A freelance creative without a MacBook is like a canoeist without a paddle, a violinist without a bow. It’s his most important tool and it deserves the best protection that money can afford – especially if he’s planning on carrying it around with him as he gets turfed out of every coffee shop in the neighbourhood for drinking too slowly and abusing the Wi-Fi.
Such a man might look to this elegant tanned-leather MacBook case, which is made by Tärnsjö Garveri. This 140-year-old Swedish company has been supplying leather to luxury conglomerate LVMH for many years and is considered a world expert in the vegetable-tanning process. This method uses bark extracts to create a breathable, supple leather with a rich colour that will age beautifully.
Tattoos were long the preserve of the creative classes, but have now gone mainstream. A recent study by the Pew Research Center in Washington DC found that nearly 40 per cent of young people in the US have now been inked – and as demand continues to grow, the market is beginning to segregate itself. If you want to be seen to be creative, it’s no longer enough to have just any tattoo; you need the right kind of tattoo.
Back in March, MR PORTER spent a Saturday with Dr Woo, an in-demand tattooist at the Shamrock Social Club tattoo parlour in LA. His fine-line “fashion tats” have created something of a stir in the industry. Tiny, intricate and seriously cool, they’re about as far from a Celtic band as it’s possible to get. Being small, though, they need tender loving care. You don’t want to have spent six months on a waiting list just to smudge the thing. Step forward, Derm Ink: a cream, balm and soap trio designed to speed up the healing process, protecting both your skin and your precious new tattoo.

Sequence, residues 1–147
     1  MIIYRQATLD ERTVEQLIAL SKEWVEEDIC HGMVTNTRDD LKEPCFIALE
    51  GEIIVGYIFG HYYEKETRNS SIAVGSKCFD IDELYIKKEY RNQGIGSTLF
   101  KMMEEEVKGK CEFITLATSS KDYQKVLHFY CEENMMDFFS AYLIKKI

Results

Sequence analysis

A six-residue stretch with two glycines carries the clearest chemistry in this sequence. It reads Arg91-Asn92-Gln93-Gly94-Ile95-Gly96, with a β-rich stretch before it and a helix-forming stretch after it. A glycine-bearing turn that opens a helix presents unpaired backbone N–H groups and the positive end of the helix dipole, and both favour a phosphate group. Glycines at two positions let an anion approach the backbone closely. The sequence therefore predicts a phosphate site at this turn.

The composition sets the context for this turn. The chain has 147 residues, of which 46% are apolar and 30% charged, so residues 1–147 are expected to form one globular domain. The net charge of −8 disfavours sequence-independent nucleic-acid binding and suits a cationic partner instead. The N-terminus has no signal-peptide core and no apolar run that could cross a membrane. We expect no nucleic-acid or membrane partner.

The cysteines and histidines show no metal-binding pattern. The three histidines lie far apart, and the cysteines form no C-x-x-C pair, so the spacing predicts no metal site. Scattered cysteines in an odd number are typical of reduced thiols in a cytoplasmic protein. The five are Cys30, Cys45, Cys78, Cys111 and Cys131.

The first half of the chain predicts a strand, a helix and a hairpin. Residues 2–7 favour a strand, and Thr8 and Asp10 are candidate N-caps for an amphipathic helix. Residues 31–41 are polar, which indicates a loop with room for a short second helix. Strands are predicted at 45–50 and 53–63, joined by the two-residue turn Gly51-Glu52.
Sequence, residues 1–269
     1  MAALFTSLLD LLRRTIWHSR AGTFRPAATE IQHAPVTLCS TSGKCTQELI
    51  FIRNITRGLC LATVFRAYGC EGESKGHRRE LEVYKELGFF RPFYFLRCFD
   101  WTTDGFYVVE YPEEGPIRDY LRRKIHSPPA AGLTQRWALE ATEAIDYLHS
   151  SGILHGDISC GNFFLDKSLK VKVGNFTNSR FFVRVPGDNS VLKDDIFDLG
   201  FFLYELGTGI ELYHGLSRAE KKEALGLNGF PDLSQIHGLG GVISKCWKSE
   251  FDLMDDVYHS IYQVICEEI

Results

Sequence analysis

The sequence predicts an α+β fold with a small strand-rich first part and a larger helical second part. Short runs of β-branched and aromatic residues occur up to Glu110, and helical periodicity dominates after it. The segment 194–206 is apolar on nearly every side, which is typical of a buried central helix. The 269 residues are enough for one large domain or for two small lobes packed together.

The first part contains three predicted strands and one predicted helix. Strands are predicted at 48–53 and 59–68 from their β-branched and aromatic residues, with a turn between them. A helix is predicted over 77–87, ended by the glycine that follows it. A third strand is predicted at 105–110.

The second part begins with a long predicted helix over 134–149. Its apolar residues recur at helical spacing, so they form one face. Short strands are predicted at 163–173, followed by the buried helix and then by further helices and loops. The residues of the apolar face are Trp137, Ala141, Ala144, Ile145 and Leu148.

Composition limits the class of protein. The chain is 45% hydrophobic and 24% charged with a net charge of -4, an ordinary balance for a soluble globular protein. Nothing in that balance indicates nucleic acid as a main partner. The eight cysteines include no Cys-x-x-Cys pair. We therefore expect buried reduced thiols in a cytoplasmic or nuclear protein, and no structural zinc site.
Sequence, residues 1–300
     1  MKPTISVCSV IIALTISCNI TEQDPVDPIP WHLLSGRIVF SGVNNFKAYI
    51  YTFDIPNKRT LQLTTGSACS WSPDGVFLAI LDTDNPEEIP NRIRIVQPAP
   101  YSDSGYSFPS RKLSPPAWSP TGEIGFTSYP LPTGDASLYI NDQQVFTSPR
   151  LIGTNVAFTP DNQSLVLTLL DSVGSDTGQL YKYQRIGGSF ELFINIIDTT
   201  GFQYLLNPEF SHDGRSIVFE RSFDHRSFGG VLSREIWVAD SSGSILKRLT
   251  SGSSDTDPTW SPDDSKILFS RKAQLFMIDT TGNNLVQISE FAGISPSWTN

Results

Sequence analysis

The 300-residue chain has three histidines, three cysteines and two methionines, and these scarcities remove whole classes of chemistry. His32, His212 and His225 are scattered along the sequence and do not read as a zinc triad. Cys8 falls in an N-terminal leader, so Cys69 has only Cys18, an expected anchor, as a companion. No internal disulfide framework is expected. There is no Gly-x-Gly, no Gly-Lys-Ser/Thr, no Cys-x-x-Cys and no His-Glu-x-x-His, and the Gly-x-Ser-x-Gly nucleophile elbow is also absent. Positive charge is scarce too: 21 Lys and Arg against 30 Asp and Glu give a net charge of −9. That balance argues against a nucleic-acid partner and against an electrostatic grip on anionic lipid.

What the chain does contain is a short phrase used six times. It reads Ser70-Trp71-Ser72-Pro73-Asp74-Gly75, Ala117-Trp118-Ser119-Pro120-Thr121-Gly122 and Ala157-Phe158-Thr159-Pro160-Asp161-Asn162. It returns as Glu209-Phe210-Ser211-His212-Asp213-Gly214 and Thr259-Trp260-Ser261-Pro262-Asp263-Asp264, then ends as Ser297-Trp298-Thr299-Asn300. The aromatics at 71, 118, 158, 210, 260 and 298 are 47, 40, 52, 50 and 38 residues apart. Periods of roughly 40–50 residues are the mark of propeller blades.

Le Corbusier died half a century ago today, on 27 August 1965. Of course, you already knew that. And it didn’t take opening your browser to Architectural Digest (your homepage) to figure it out, either; you’ve had it in your diary for months. He was one of the most influential figures of the 20th century, the father of modernism, a “starchitect” before the word even existed. A date as auspicious as this doesn’t go by without you noticing.
There is no better time than now for the architecture aficionados among you to review the life and work of a man who wasn’t just one of the most progressive forces in his field – the word “groundbreaking” seems apt for him in more than one sense – but who also helped to introduce the idea of celebrity and of a personal brand, to the architecture world. (We’ll let you in on a secret: Le Corbusier wasn’t his real name, you know.) Phaidon’s latest tome, written by historian Mr William JR Curtis, is just the place to start your re-evaluation of the bespectacled one.
The Meisterstück, German for “masterpiece”, is a pen with serious cachet. Engraved on the gold-plated nib is the number 4810 – the height in metres of Mont Blanc, Europe’s highest mountain. Behind all this cleverly crafted symbolism is a simple, metaphorical explanation: just as Mont Blanc marks the highest point on the continent, so the Meisterstück represents nothing less than the peak, the pinnacle, the apotheosis of the writing instrument. No finer a pen shall ye find in all the land.
You might wonder, after reading all of that, if this is too precious an object to actually write with – but write with it you must. The true beauty of a Meisterstück has nothing to do with the numbers on the nib and everything to do with the nib itself, which yields and moulds itself to your writing style over the weeks, months and years. That’s why, despite popular belief, this is not just a pen for men who sit behind big desks and sign treaties and million-dollar cheques – but for writers, too.